Checking facts and fighting back: Why journalists should defend their profession
Bias accusations have eroded trust in journalism to impartially check facts. Traditionally journalists have avoided responding to such accusations, resulting in an imbalanced flow of arguments about the news media. This study tests what would happen if journalists spoke up more in defense of their profession, while simultaneously also testing effects of doing more fact checking. A five-day field experiment manipulated whether an online news portal included fact check stories and opinion pieces defending journalism. Fact checking was beneficial in terms of three democratically desirable outcomes–media trust, epistemic political efficacy, and future news use intent–only when defense of journalism stories were also present. No partisan differences were found in effects: Republicans, Democrats, and Independents were all affected alike. These results have important implications for journalistic practice as well as for theories and methods of news effects.
Public sector performance measurement may be affected by data manipulation. This study empirically explores strategies of data manipulation used by civil servants at the regional level in Russia. 25 civil servants from three regional governments were interviewed. Two strategies were identified: “prudent” bureaucrats kept a low profile by reporting “more-normal-than-real” figures; “reckless” bureaucrats aimed at inflating figures to maximize credit. Systematic application of these strategies produced a detectable bias in the overall performance data which was estimated using a nation-wide performance dataset covering the period of 2007-2011 (with a unified list of over 300 indicators from 83 regional governments).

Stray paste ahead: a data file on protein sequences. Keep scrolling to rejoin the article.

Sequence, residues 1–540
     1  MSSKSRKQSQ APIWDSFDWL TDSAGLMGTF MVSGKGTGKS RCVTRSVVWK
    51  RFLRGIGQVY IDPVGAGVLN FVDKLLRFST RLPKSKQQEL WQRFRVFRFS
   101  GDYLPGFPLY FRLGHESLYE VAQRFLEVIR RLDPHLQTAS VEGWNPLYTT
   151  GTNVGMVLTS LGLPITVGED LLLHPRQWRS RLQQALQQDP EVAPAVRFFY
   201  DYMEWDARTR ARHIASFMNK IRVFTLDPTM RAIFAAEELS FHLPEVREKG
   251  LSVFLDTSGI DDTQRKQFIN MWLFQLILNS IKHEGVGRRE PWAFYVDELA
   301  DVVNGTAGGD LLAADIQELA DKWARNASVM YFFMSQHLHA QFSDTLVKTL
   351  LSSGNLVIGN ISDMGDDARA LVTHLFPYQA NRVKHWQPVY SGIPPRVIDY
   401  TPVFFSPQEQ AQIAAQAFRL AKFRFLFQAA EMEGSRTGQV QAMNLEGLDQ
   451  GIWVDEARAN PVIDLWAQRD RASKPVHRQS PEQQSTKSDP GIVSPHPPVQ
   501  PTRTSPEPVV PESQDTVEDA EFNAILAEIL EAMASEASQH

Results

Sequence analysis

Little is known on how and whether central bank announcements affect consumers’ beliefs about policy-relevant economic figures. This paper focuses on consumers’ perceptions and expectations of inflation and interest rates and confidence therein. Based on a sound identification (running surveys shortly before and after communication events), and relying on above 15,000 observations, spanning over 12 FOMC press conferences between December 2015 and June 2018, we document the impact of the central bank communication on the general public. While announcement events have no measurable direct effect on average beliefs, they make people more likely to receive news about the central bank’s policy. In general, informed consumers tend to have lower perceptions and expectations, higher confidence and, at least for perceived inflation, smaller errors.